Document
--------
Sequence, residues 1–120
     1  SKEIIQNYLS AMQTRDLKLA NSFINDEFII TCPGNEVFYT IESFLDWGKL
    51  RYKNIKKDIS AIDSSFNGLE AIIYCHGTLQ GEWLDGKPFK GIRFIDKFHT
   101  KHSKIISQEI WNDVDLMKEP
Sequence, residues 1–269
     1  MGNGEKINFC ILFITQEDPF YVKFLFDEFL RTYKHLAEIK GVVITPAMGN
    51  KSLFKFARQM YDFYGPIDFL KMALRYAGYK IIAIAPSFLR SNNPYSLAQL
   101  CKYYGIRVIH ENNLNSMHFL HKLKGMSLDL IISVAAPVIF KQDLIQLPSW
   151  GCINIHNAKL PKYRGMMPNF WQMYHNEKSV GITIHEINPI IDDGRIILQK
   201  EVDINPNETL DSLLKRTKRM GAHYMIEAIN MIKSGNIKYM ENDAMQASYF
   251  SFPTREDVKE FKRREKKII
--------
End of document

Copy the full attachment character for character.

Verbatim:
Sequence, residues 1–120
     1  SKEIIQNYLS AMQTRDLKLA NSFINDEFII TCPGNEVFYT IESFLDWGKL
    51  RYKNIKKDIS AIDSSFNGLE AIIYCHGTLQ GEWLDGKPFK GIRFIDKFHT
   101  KHSKIISQEI WNDVDLMKEP
Sequence, residues 1–269
     1  MGNGEKINFC ILFITQEDPF YVKFLFDEFL RTYKHLAEIK GVVITPAMGN
    51  KSLFKFARQM YDFYGPIDFL KMALRYAGYK IIAIAPSFLR SNNPYSLAQL
   101  CKYYGIRVIH ENNLNSMHFL HKLKGMSLDL IISVAAPVIF KQDLIQLPSW
   151  GCINIHNAKL PKYRGMMPNF WQMYHNEKSV GITIHEINPI IDDGRIILQK
   201  EVDINPNETL DSLLKRTKRM GAHYMIEAIN MIKSGNIKYM ENDAMQASYF
   251  SFPTREDVKE FKRREKKII